Thursday, November 18, 2010

Pink Floyd-The Wall


Originally Written and Posted at Epinions.com on 11/30/09 for its 30th Anniversary Release.

 
When the music period of the 1970s was ending, it was the end of a period that was glorious, decadent, and creative. With the decade ending, many music genres were going away while some were starting to flourish. Progressive rock had indulged itself greatly while rock music itself had become stale and polished that would give way to the corporate mainstream rock music of the 1980s. Punk rock which had attacked mainstream and helped killed progressive rock and wound heavy metal suddenly sank back into the underground. Heavy metal was facing serious problems while a new wave in Britain was emerging that would give the genre the boost it needed. Disco had over-saturated while the new wave that came from the world of punk gave rock some new energy.

With the 1970s ending, everything was happening with a lot of the top bands of the time. One of those top bands was Pink Floyd. Since their emergence in 1967 with their debut album Piper at the Gates of Dawn, Pink Floyd were one of the most popular bands to break through in the 1970s. From their early psychedelic-rock days with original vocalist/guitarist Syd Barrett who left in 1968 following a mental breakdown. Pink Floyd became more experimental following Barrett's departure as the line-up of vocalist/bassist Roger Waters, vocalist/keyboardist Richard Wright, drummer Nick Mason, and then-new guitarist/vocalist David Gilmour would delve into spacier rock textures. After achieving a musical breakthrough with 1971's Meddle, Floyd would achieve massive success with 1973's Dark Side of the Moon that featured Waters as the band's principle lyricist.

1975's follow-up Wish You Were Here, an album in tribute to Barrett, was released to more success as the band became popular not just as a band that sold many records but selling out venues all over the world. 1977's Animals showcased a new direction in which Roger Waters became to take more control on the band musically as he delved into more high-concept themes. While the band remained popular, they were already attracting criticism for their indulgences as Waters felt the band was lost in the world of stadiums. At a show in Montreal of July 1977, an angry Waters spat at a fan as he felt irritated by the behavior of the audience. In response to the Montreal incident, Waters went to work on two different projects. One of them would become his first solo album The Pros & Cons of Hitchhiking released in 1984 and the other would become Pink Floyd's next album.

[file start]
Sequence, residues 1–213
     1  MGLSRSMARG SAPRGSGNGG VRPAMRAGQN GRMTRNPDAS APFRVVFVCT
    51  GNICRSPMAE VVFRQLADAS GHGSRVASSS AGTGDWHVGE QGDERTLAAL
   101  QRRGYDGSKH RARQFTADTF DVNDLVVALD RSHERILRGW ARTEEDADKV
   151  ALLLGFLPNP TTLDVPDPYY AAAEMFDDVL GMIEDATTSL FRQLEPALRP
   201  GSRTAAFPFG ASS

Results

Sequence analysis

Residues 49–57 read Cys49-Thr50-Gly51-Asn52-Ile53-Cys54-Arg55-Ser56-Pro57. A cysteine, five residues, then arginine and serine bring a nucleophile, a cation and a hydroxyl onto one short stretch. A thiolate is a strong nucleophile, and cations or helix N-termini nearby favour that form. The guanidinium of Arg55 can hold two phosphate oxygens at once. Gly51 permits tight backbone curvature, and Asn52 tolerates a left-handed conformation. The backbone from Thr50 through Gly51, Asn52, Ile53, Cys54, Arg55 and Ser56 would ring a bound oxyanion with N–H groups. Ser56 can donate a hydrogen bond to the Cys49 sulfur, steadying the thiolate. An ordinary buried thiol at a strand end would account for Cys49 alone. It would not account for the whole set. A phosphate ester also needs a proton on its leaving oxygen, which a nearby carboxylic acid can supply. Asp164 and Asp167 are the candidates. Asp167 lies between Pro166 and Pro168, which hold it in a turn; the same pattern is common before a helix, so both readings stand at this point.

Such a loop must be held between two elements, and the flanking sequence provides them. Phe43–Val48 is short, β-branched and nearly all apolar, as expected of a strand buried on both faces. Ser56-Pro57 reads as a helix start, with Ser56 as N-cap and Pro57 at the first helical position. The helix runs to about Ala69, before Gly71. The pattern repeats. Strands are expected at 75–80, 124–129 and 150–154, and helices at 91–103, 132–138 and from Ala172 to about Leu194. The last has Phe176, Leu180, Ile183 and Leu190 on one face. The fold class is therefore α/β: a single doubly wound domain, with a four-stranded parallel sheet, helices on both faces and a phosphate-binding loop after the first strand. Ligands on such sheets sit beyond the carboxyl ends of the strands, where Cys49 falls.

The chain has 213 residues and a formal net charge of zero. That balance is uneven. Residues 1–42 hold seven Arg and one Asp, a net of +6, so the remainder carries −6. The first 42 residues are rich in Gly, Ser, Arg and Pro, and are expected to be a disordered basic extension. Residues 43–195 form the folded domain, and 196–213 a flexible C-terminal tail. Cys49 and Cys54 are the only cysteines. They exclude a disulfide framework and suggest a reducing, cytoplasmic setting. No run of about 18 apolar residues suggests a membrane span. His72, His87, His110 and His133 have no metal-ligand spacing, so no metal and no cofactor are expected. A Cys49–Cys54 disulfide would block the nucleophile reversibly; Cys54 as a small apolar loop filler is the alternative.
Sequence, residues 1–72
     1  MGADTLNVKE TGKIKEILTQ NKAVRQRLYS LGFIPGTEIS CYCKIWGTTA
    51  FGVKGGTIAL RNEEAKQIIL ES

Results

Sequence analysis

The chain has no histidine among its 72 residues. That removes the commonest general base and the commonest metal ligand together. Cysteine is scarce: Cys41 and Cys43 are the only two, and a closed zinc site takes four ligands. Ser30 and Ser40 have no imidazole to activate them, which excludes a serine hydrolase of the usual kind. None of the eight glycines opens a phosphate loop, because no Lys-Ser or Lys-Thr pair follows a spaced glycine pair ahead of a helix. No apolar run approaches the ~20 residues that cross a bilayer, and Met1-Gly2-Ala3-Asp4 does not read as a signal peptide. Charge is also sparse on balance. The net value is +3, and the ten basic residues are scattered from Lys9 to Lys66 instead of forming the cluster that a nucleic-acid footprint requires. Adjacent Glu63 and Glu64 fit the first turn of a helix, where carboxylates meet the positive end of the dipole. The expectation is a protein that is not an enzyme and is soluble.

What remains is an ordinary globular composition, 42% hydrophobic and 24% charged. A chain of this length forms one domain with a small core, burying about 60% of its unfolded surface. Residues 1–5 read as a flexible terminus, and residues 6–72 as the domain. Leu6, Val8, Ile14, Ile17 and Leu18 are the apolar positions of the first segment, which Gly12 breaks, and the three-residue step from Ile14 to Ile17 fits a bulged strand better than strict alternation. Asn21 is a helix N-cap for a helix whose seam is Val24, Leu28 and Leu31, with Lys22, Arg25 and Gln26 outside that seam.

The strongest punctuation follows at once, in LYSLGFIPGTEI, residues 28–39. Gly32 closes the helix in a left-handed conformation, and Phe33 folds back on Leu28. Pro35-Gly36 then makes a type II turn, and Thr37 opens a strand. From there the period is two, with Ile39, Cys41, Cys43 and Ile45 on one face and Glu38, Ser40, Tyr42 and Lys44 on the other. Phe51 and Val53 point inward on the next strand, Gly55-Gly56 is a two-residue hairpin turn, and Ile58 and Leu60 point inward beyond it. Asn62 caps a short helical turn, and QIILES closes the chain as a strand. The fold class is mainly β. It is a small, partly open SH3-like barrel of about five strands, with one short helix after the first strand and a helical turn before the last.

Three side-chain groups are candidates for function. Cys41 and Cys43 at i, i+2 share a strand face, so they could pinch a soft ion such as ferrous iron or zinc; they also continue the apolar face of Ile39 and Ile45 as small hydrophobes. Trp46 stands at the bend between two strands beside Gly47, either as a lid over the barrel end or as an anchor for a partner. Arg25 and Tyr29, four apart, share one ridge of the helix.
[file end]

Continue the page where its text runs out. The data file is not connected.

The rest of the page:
Working with producer Bob Ezrin, the man who produced hit albums for KISS and Alice Cooper, the band recorded the album in various studios outside of the U.K. in the South of France, New York, and Los Angeles. Along with a new producer in James Guthrie to help with the project. Sessions for the album were problematic as Waters demanded full control forcing members of the band to feel like session musicians. Though David Gilmour would end up co-writing three of the songs and Ezrin co-writing one of the tracks. A lot of the material was already written forcing keyboardist Richard Wright to not contribute as much musically. Wright's problems would eventually force him out of the band though he asked to stay on for the upcoming tour. With Michael Kamen contributing orchestral arrangements to some of the tracks, the album would finally be completed in early November of 1979 as on the 30th of that month. Pink Floyd would release the last great album of the 1970s (though the Clash's London Calling came out in December of that year which would really be the first great album of the 1980s) entitled The Wall.

Produced by Bob Ezrin, James Guthrie, Roger Waters and David Gilmour with the concept and songs, with the exception of four, written by Waters. The Wall is a rock opera telling the story of a troubled rock star named Pink whose life unravels over the death of his father in World War II before he was born along with the toll of rock stardom, abuse from a schoolteacher, an overbearing mother, and his cheating wife as he descends into madness where he becomes a Fascist dictator. Featuring contributions from Michael Kamen on orchestral arrangements, Toto's Jeff Porcaro on drums on Mother, and backing vocals from the likes Toni Tennille of Captain & Tennille and the Beach Boys' Bruce Johnston. It is a dark, ambitious album that spans two discs (or two LPs in the days of vinyl) with over 80 minutes of music pieces chronicling Pink's descent, a lot of which are based on Roger Waters' own childhood having grown up without a father as well as the troubled mind of Syd Barrett in his own descent into madness. The result is definitely one of the greatest rock albums ever created.